U.S., Kazakhstan Secure Weapons-Grade Plutonium From Soviet-era Reactor

U.S., Kazakhstan Secure Weapons-Grade Plutonium From Soviet-era Reactor

WASHINGTON, DC, November 18, 2010 (ENS) – Enough plutonium and uranium to make 775 nuclear weapons has been removed from the BN-350 fast reactor in Kazakhstan, built to breed plutonium for the Soviet Union’s nuclear weapons program, and placed in a secure storage facility to keep terrorists from acquiring nuclear weapons.

The United States and Kazakhstan worked together to achieve the transfer, which was announced today by U.S. and Kazakh officials at the storage facility in Eastern Kazakhstan.

“Working closely together, we secured, packaged and removed the spent fuel that contains 10 metric tons of highly enriched uranium and three metric tons of weapons-grade plutonium, enough material for 775 nuclear weapons,” said Anne Harrington, deputy administrator for defense nuclear nonproliferation with the U.S. National Nuclear Security Administration, NNSA.

Casks of highly enriched uranium await transport. (Photo courtesy NNSA)

The shipments were conducted by NNSA’s Global Threat Reduction Initiative in close cooperation with Kazakhstan’s Ministry of Industry and New Technology and other government agencies.

Located in Aktau on the eastern shore of the Caspian Sea, the BN-350 fast reactor was designed to both generate electric power and to breed plutonium.

In 1997, the United States and Kazakhstan signed an agreement that established a joint program for the long-term, secure storage of the fuel from the BN-350 reactor, which stopped weapons material production in the 1980s, and was completely shut down in 1999.

Over the course of 12 shipments during the last year, the nuclear material was transported from the BN-350 reactor to the new storage facility. The material was packaged into 60 casks, each weighing 100 metric tonnes, which were transported by train and road over 3,000 kilometers (more than 1,800 miles).

“AMoving the BN-350 fuel to a new facility for secure long-term storage is a critical nuclear nonproliferation milestone and an important contribution to global security,” said NNSA Administrator Thomas D’Agostino.

“AThrough our close partnership with Kazakhstan, we were able to finish the challenging series of shipments ahead of schedule,” said D’Agostino. “Our partners in Kazakhstan once again demonstrated their commitment to international nonproliferation efforts, and together we have taken a major step forward in meeting President Obama’s goal of securing all nuclear material within four years.”

In his Prague speech of April 2009, President Obama called the danger of a terrorist acquiring nuclear weapons “the most immediate and extreme threat to global security” and called for an international effort to secure all vulnerable nuclear material around the world within four years.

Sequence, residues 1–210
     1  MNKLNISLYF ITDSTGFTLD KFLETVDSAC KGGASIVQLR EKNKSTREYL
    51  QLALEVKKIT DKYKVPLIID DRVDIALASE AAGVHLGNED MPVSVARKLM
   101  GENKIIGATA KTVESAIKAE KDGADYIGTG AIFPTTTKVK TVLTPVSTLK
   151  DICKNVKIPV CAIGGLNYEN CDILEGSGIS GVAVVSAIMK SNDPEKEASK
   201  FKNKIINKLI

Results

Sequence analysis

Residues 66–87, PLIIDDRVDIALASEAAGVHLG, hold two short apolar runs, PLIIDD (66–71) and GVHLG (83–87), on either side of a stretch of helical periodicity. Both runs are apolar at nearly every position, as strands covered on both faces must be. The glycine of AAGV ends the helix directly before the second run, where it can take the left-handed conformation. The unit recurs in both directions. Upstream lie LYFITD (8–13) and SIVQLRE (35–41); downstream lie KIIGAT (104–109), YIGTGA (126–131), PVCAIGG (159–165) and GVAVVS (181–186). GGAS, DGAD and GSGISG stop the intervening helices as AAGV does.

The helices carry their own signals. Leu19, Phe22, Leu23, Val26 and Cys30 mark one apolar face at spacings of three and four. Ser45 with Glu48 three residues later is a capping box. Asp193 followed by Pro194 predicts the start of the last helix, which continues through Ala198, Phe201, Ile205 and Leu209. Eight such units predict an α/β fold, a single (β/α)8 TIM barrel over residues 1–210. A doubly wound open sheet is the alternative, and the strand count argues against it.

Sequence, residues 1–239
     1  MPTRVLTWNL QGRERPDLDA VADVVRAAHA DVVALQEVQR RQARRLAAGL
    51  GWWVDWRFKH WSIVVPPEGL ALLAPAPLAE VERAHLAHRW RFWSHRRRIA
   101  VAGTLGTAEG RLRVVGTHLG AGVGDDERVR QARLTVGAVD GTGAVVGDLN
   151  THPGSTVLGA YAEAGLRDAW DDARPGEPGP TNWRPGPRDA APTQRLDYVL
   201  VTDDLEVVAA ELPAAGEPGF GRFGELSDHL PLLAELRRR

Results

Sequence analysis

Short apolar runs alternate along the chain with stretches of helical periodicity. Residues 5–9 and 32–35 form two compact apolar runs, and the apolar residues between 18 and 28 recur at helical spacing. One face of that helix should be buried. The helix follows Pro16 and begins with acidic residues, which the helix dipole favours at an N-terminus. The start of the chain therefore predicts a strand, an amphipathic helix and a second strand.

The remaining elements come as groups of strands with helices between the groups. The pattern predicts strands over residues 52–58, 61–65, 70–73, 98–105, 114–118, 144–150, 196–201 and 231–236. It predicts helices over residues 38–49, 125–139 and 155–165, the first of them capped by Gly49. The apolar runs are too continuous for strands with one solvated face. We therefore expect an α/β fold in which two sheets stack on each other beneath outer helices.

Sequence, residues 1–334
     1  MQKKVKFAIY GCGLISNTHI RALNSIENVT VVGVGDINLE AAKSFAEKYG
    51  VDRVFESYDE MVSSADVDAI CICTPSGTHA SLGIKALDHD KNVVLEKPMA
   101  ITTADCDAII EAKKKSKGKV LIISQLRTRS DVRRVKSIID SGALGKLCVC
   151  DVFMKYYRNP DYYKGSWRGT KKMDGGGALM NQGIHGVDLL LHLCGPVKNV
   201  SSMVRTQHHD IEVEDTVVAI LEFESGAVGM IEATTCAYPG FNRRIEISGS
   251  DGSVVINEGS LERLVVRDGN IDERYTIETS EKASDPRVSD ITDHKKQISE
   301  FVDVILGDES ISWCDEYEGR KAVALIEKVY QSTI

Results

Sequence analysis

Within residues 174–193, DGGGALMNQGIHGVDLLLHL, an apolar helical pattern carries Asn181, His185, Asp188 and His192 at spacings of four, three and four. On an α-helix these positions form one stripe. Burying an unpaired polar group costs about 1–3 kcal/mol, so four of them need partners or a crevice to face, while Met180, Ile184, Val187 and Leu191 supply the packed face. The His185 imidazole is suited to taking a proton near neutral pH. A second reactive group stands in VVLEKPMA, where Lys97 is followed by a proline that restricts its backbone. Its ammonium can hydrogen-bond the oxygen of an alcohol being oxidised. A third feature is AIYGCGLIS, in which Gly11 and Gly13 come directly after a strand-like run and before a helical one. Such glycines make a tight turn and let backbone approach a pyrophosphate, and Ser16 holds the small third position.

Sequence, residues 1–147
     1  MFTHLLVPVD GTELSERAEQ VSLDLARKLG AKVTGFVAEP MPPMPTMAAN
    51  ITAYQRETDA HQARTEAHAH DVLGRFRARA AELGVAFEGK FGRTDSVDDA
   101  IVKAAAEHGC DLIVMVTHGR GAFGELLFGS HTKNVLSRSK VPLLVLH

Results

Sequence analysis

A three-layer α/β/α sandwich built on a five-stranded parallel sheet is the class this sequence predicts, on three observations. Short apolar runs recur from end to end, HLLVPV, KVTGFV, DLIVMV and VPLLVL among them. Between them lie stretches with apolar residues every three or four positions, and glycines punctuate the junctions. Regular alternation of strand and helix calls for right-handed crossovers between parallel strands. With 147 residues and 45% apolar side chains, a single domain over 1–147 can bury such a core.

The leaders from 47 countries and three international organizations reaffirmed this goals at the Nuclear Security Summit this past April in Washington.

Anne Harrington, NNSA deputy administrator for defense nuclear nonproliferation(Photo courtesy NNSA)
Deputy Foreign Minister Kairat Umarov (Photo courtesy Govt. of Kazakhstan)

The American officials were joined by Kazakhstan’s Deputy Foreign Minister Kairat Umarov, the UK’s Ambassador to Kazakhstan David Moran and U.S. Ambassador to Kazakhstan Richard Hoagland in announcing the accomplishment.

In addition to the contributions of hundreds of Kazakhstani and U.S. scientists, engineers, safety, security and transportation experts, the program received substantial support from the International Atomic Energy Agency, the United Kingdom, and the Russian Federation.

Harrington today outlined how the operation was accomplished.

“Working together with the IAEA, Russia, and our other partners, we designed and fabricated 61 dual-use casks that were used to transport and store the fuel in a safe and secure manner. We designed special rail cars to transport the casks and constructed additional rail lines,” she said.

“We built three separate facilities – the Aktau Temporary Cask Storage Site, the Kurchatov Rail Transfer Site, and the Cask Storage Facility,” she explained. “We provided countless hours of training for all personnel involved in the loading and transportation, renovated the guard barracks to accommodate more troops, and completed a full-scale dry run.”

“We completed 12 shipments that transported the specially-designed casks – each weighing 100 metric tons when fully loaded – more than 3,000 kilometers across the country,” said Harrington. “Each of these steps itself could be considered a major accomplishment.”

“The completion of these shipments should make you all very proud and speaks to the dedication and hard work of everyone involved,” she said.

The BN-350 program included the preparation of a decommissioning plan, decontamination of the primary sodium coolant at the reactor, and formulation of the process and design for the final waste form from the sodium processing operations.

In Washington, Republican U.S. Senator Richard Lugar of Indiana, the Senate Foreign Relations Committee Ranking Member, welcomed today’s announcement, saying, “The completion of this decade-long effort to secure the BN-350 spent fuel provides yet another example of the progress on nuclear security and non-proliferation through concerted U.S. diplomacy and global security engagement.”

Copyright Environment News Service (ENS) 2010. All rights reserved.

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